Every creative individual speaks of inspiration. We may define it in different ways, but we all seek it and welcome it when it comes. Most definitions of inspiration tell us that it is something or someone that causes us to feel excitement and a desire to do something, usually something creative. It is sometimes described as a deep-rooted passion and motivation. You’ll note that there are two parts to these descriptions: an initial feeling and a resulting desire. Something moves us. Something acts upon us and causes us to re-act.
For me, my understanding of inspiration is deepened by my knowledge of Spanish and the use of the word inspirar — which means not only to inspire in the creative sense, but to breathe in.
That’s how inspiration comes, I think. We don’t just see it, or hear it, we experience it. We breathe it in and allow it to fill us completely.
Inspiration is also the first step in the creative process. Even before we get ideas in our heads, long before we make any decisions about what we will draw, paint, sing, play, or write, we need inspiration.
Sadly, many creative individuals think that inspiration is something that happens of its own accord. It either comes or it doesn’t, and I’ve known a lot of aspiring writers who’ve waited day after day for some inspiration to strike.
One of my favorite “funnies” is this little quip:
I’ve known a lot of people who have this attitude, so in truth, this “funny” isn’t so funny at all.
I’m hoping that everyone reading this blog understands that inspiration isn’t something we wait for. It’s something we go out and find, something we make, something that is actually everywhere around us if we’re willing to look for it.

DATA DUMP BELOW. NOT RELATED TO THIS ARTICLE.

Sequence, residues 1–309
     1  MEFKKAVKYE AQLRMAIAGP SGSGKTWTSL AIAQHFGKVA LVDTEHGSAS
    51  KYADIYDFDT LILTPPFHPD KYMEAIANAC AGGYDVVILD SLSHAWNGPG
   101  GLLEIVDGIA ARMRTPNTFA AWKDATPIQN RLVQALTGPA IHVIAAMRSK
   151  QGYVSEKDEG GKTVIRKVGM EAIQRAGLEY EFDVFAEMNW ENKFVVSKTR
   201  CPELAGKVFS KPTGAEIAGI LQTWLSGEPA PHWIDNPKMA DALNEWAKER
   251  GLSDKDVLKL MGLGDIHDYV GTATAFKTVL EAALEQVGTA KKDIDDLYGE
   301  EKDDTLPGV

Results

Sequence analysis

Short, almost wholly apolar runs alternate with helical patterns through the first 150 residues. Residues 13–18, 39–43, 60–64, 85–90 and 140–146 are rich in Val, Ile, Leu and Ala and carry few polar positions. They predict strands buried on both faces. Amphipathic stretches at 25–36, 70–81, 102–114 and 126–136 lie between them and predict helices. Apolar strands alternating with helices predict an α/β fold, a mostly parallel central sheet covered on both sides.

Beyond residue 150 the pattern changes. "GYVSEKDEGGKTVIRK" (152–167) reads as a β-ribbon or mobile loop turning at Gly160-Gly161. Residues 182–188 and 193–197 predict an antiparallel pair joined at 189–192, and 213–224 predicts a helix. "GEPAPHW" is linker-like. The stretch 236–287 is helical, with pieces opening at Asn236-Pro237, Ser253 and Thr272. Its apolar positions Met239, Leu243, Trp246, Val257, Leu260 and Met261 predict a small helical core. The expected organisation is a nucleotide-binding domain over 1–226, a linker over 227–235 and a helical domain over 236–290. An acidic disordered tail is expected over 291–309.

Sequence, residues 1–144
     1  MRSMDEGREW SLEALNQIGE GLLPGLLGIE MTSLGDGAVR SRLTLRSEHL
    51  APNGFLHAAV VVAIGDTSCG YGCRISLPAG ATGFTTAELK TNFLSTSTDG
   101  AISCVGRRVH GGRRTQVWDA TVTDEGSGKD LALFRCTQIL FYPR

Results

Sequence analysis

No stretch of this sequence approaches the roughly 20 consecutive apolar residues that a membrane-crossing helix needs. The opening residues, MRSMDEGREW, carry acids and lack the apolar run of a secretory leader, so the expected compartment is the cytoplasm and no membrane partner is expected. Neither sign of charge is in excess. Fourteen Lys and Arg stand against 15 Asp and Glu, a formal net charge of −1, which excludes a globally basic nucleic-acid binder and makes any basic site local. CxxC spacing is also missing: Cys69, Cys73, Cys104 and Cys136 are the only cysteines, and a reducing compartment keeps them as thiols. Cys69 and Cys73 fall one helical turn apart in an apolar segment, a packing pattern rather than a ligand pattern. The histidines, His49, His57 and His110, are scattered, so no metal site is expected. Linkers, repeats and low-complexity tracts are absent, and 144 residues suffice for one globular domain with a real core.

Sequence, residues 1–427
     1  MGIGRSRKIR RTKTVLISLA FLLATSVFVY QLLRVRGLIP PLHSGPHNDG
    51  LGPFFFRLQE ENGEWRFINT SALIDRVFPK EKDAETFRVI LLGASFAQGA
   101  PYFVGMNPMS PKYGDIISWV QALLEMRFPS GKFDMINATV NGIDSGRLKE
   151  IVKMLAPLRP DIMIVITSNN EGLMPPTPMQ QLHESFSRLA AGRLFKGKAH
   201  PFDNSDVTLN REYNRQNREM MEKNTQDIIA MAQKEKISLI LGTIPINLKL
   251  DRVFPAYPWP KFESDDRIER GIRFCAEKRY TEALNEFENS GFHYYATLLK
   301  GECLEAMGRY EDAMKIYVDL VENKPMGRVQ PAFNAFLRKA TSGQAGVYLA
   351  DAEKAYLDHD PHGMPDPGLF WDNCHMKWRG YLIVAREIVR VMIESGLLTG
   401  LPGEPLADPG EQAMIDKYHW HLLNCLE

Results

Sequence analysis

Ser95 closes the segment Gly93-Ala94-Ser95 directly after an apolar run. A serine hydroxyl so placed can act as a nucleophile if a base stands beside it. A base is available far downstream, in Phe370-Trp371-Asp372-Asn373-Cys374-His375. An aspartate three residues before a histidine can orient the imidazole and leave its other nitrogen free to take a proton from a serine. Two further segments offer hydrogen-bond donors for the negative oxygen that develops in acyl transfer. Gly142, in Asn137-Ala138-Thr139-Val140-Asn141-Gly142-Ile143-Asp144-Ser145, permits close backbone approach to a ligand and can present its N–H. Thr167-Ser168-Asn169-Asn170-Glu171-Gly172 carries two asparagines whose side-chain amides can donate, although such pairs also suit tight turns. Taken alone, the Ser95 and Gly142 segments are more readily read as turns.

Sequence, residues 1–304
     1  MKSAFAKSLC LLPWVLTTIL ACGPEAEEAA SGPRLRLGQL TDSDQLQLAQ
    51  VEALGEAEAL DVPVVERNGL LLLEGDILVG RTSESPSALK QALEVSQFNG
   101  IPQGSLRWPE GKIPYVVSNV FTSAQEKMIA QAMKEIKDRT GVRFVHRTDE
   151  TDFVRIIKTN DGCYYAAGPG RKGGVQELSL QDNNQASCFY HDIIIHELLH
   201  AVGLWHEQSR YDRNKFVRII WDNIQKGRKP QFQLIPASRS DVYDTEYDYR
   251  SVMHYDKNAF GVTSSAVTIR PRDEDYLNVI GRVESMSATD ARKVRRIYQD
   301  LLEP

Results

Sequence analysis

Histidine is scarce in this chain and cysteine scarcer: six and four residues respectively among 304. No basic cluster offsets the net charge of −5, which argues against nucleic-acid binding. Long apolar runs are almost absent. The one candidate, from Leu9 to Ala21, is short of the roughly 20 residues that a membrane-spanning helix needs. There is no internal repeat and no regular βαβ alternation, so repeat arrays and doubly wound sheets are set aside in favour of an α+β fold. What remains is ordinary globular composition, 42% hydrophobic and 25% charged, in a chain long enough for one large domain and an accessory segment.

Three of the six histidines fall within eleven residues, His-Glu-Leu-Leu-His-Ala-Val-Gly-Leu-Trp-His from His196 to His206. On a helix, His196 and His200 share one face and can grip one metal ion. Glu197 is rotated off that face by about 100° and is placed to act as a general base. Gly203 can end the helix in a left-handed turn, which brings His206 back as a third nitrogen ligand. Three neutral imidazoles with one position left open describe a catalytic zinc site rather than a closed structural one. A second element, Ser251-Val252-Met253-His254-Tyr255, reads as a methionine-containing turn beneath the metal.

Inspiration can come from many sources, and that fact brings me back to the real topic of this post. It’s not about what inspiration is. It’s about where it is.
It truly can be anywhere and everywhere, but most of us have special places where we feel most inspired.
For me, it’s out in the woods, hiking over trails, breathing in the fresh air, and feeling the earth beneath my feet. I can also find inspiration when I’m near rivers, lakes, or gentle, babbling brooks. Sometimes just stepping outside and seeing the morning skies fills me with inspiration. Yes, I’m definitely inspired by nature, and maybe that’s why I love landscape painting so much.
Going places, doing things, having new experiences… all can be sources of inspiration. Listening to music can be very inspiring. Reading, watching movies, chatting with a friend, all have the potential to inspire.
Another — surprising — way of inviting inspiration is by clearing our mind a bit, focusing our attention fully on simple, mundane, routine tasks. I used to do a lot of ironing because inspiration invariably came. Same with washing dishes. Taking long walks has always inspired me. Meditation, too, can inspire.
Earlier this morning I spent a little time reading about Dutch mythology. I read about the fairies who came to the earth and became trees. I read about Donar’s Oak and the witte wieven who dwell in the forests.
All of these things inspired me. That doesn’t necessarily mean that I’ll be painting any of these scenes or using them as narrative in my art. Inspiration for me isn’t a specific idea — the ideas will come later — but a burst of creative energy and excitement that wants to find expression through my art.
I like to fill myself up every day with inspiration — by going out into nature, by reading, by listening to classical music, by writing down thoughts and feelings. I try to grab hold of anything and everything that interests me, swallow it all up, and let it gather force with all the other bits and pieces I’ve collected until it becomes pure creative fire.
I’ve always considered myself very fortunate in that I know what inspires me. I know where and how to find it.
What about you? What inspires you?